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CBD Over-Hyped in Pain Treatment, Probably Doesn't Work Says International Review Panel

CBD Over-Hyped in Pain Treatment, Probably Doesn't Work Says International Review Panel

A review of 16 randomised controlled trials testing the efficacy of CBD products for pain found they did not work. Although CBD may have positive effects in treating other conditions, a group of UK and Canadian researchers have said CBD products are over-hyped in treating pain.

Georgina Crouth, Daily Maverick

28 April 2024 at 06:00:00

This report first appeared in the Daily Maverick on 25 April 2024.


Expensive, ineffective and possibly harmful, cannabidiol (CBD) and hemp products for pain have been given the thumbs-down by a group of researchers in the UK and Canada, after finding there is no evidence that they have any positive effect.


The research published in The Journal of Pain found CBD products widely sold in North America and Europe to have varying amounts of CBD – from none to much more than advertised – and warned that they may even contain harmful chemicals.


Out of 16 randomised clinical trials for pain using pharmaceutical CBD in oral, topical and other forms, 15 found no greater pain-relieving effect for CBD than for the placebo. The 16th trial was sponsored by a pharmaceutical company.

Meta-analyses (which combine data from a number of studies) of the clinical trials linked CBD to increased rates of serious adverse events and liver toxicity.


A 2021 International Association for the Study of Pain task force examined evidence for cannabinoids and pain but found no trials of CBD.


Sixteen CBD randomised trials using pharmaceutical CBD have been published subsequently. The trials were conducted in 12 different pain states, using three oral, topical and buccal/sublingual (cheek or under the tongue) administration, with CBD doses of between 6mg and 1,600mg, and durations of treatment ranging from a single dose to 12 weeks.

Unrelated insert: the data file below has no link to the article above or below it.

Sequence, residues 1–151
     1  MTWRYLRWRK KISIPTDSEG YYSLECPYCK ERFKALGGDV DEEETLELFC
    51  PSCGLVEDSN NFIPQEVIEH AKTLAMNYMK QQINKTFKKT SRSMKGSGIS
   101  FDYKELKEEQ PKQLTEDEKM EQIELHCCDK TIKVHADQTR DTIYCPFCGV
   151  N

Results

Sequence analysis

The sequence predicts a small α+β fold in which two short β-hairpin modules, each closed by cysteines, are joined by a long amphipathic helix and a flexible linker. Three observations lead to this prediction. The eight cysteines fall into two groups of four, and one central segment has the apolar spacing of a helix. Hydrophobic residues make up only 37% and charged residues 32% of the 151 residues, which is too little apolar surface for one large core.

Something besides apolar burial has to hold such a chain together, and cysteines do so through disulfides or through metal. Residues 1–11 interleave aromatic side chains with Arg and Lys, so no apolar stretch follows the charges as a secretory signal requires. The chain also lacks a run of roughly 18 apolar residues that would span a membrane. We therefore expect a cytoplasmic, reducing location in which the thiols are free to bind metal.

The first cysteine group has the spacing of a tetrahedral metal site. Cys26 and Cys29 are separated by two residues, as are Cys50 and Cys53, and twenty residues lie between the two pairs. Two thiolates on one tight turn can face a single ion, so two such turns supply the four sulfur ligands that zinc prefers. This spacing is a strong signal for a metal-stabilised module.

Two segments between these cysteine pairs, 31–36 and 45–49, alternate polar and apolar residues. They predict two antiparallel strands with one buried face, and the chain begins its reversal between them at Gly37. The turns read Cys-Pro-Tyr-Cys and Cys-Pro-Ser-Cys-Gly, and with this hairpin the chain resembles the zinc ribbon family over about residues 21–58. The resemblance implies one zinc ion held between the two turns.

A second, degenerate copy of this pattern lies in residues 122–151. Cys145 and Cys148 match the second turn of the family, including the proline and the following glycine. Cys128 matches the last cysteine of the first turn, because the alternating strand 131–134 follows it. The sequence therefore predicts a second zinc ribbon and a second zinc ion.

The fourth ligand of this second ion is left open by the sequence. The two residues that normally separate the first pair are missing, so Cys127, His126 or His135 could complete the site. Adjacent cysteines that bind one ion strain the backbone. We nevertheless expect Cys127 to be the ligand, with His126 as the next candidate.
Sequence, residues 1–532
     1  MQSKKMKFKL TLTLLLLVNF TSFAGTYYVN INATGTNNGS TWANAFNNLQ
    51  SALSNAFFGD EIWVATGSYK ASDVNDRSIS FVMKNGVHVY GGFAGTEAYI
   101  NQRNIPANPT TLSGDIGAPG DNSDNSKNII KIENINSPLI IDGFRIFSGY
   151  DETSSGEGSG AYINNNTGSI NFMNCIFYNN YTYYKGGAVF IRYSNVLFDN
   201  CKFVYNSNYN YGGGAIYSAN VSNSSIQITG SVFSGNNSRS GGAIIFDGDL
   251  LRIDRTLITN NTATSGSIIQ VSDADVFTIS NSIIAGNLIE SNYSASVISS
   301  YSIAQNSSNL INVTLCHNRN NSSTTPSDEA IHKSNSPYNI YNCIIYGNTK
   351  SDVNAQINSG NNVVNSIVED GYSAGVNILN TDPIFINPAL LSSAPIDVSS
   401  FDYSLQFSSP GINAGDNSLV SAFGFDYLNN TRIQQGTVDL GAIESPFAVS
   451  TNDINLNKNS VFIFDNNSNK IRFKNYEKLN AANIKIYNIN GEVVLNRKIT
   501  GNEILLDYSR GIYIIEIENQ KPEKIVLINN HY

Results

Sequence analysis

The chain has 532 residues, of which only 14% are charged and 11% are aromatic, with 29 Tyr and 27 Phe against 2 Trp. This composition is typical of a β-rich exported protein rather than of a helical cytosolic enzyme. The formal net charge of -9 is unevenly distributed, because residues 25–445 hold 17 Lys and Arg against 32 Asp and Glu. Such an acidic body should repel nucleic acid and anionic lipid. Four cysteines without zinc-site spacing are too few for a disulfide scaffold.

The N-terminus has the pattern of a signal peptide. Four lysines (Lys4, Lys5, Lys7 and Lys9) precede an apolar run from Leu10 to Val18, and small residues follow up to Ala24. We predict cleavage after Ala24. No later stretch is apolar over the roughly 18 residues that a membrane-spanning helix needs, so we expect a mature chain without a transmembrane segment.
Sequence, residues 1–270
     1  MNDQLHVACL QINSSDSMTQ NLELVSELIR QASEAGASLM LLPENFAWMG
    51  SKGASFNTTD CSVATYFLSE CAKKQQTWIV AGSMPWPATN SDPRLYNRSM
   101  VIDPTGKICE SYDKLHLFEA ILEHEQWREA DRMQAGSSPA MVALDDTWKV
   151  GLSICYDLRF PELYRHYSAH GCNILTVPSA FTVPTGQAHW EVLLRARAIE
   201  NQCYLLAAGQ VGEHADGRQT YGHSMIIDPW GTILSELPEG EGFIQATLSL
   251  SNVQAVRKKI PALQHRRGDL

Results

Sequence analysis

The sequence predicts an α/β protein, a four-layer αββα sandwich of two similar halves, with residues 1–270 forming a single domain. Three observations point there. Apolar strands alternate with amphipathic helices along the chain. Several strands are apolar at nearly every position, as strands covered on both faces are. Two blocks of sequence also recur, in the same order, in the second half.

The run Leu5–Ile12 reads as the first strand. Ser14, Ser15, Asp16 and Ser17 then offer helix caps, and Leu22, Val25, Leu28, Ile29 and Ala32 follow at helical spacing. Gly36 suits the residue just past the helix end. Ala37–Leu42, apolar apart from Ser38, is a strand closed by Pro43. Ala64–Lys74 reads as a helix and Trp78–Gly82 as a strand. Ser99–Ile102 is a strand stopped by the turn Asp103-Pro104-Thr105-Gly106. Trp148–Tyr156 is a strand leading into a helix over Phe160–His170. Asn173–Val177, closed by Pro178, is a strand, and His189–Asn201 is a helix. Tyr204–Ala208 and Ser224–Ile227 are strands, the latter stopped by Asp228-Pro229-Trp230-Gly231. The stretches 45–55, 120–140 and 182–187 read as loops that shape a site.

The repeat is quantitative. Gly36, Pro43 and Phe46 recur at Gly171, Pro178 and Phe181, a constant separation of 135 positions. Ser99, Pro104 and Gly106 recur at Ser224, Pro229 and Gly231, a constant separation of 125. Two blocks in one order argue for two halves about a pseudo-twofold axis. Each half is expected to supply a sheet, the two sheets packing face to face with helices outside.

Small clinical trials using verified CBD suggest that the drug is largely benign, and although large-scale evidence of safety is lacking, there is growing evidence linking CBD to increased rates of adverse health events and liver toxicity.


In January 2023, the US Food and Drug Administration (FDA) called for new CBD regulations.


Current evidence suggests that CBD for pain is expensive, ineffective and potentially harmful.

Researchers warn that consumers should rely on evidence-based sources of information on CBD, and not advertisements because there is no good reason for thinking that CBD relieves pain.


There are also good reasons for doubting the contents of CBD products.


A 2021 International Association for the Study of Pain position statement concluded that due to a lack of evidence from high-quality research, it did not endorse the general use of cannabinoids to treat pain.


The task force concluded that preclinical studies, clinical trials and systematic reviews were “generally of low or very low quality” and showed small or nonexistent analgesic effects, despite some evidence of a mechanistic effect in animal models of pain.